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Andersonville is a neighborhood (located in the Edgewater community area) on the North Side of Chicago, about five miles (8 km) north-northwest of the city's downtown. Once a sleepy little village made up primarily of Swedish immigrants, Andersonville is now one of Chicago's most popular north side neighborhoods. The community is particularly known for its diversity, including a continued Swedish cultural presence led by the Swedish American Museum, the Swedish Bakery and other Swedish delicatessens. A significant number of Middle-Eastern businesses, a new influx of families with children, and a large lesbian, gay, bisexual and trans-gender (LGBT) population all makes this a very diverse population. The LGBT community of Andersonville was showcased in the 1994 lesbian themed movie Go Fish. It is also known for its unique commercial district, made up almost entirely of locally owned, independent shops, restaurants, and service providers. Andersonville does however have a growing number of nationally known chains including a Starbucks Coffee, McDonald's, and a recently opened Subway restaurant.

The approximate street boundaries of Andersonville, as defined by the City of Chicago, are Winthrop Avenue to the east, Ravenswood Avenue to the west, Foster Avenue to the south, and Bryn Mawr Avenue to the north. The heart of the Andersonville commercial district is the corner of Clark Street and Berwyn Avenue (5300 N. Clark Street).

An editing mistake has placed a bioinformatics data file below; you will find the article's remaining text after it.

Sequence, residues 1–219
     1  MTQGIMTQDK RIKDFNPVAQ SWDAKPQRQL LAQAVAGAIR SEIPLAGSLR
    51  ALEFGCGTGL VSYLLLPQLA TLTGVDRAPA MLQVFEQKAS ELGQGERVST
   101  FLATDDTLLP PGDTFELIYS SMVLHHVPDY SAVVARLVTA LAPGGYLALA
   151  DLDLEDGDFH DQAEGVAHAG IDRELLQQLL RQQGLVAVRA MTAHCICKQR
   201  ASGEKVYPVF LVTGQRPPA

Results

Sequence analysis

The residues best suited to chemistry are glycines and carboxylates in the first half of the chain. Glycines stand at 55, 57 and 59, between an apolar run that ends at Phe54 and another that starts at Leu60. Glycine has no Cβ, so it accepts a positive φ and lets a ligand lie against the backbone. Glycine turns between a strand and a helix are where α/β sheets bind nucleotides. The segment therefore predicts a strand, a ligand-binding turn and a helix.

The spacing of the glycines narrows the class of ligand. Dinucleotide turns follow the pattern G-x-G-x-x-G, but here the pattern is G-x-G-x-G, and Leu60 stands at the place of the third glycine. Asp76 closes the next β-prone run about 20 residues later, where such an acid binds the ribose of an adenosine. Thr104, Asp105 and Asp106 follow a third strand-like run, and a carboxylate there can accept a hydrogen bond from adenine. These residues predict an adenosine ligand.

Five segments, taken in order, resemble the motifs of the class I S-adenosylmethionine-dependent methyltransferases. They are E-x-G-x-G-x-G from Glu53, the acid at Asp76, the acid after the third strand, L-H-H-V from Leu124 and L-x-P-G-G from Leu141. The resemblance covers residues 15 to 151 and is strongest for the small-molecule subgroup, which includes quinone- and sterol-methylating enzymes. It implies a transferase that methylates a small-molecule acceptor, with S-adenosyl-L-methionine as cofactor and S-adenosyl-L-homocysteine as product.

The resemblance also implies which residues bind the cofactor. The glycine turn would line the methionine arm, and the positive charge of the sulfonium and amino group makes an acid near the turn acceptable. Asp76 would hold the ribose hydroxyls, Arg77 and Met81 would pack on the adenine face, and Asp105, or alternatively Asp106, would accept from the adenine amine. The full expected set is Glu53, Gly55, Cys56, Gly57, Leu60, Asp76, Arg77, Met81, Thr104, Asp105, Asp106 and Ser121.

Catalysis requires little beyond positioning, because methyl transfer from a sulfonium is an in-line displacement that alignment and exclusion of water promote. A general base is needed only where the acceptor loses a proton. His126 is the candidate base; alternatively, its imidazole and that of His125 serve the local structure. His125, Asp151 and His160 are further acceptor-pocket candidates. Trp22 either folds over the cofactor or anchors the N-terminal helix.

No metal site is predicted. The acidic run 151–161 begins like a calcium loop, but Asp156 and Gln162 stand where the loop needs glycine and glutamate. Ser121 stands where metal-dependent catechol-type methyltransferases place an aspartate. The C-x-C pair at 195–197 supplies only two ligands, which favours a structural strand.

The main shopping street is North Clark Street, which runs roughly north-south. The stretch of Clark Street south of Foster Avenue (where Andersonville has expanded across community boundaries into northern Uptown) is sometimes called South Foster, or SoFo. Some maps show the entire stretch between Foster and Lawrence as Andersonville Terrace; although this name is seldom used by residents, realtors have recently started using it again for the area as far south as Argyle Street, in an attempt to capitalize on Andersonville's popularity. The stretch north of Bryn Mawr still retains a good number of Hispanic-owned business as well as some restaurants and cafes serving Andersonville's more recent transplants.

As reported in the Chicago Reader, in 2006 merchants along North Clark Street have seen significant increases in commercial property taxes, causing these independent shops to struggle. Though the residential property taxes have risen in the area, they have not skyrocketed like the commercial district in downtown Andersonville.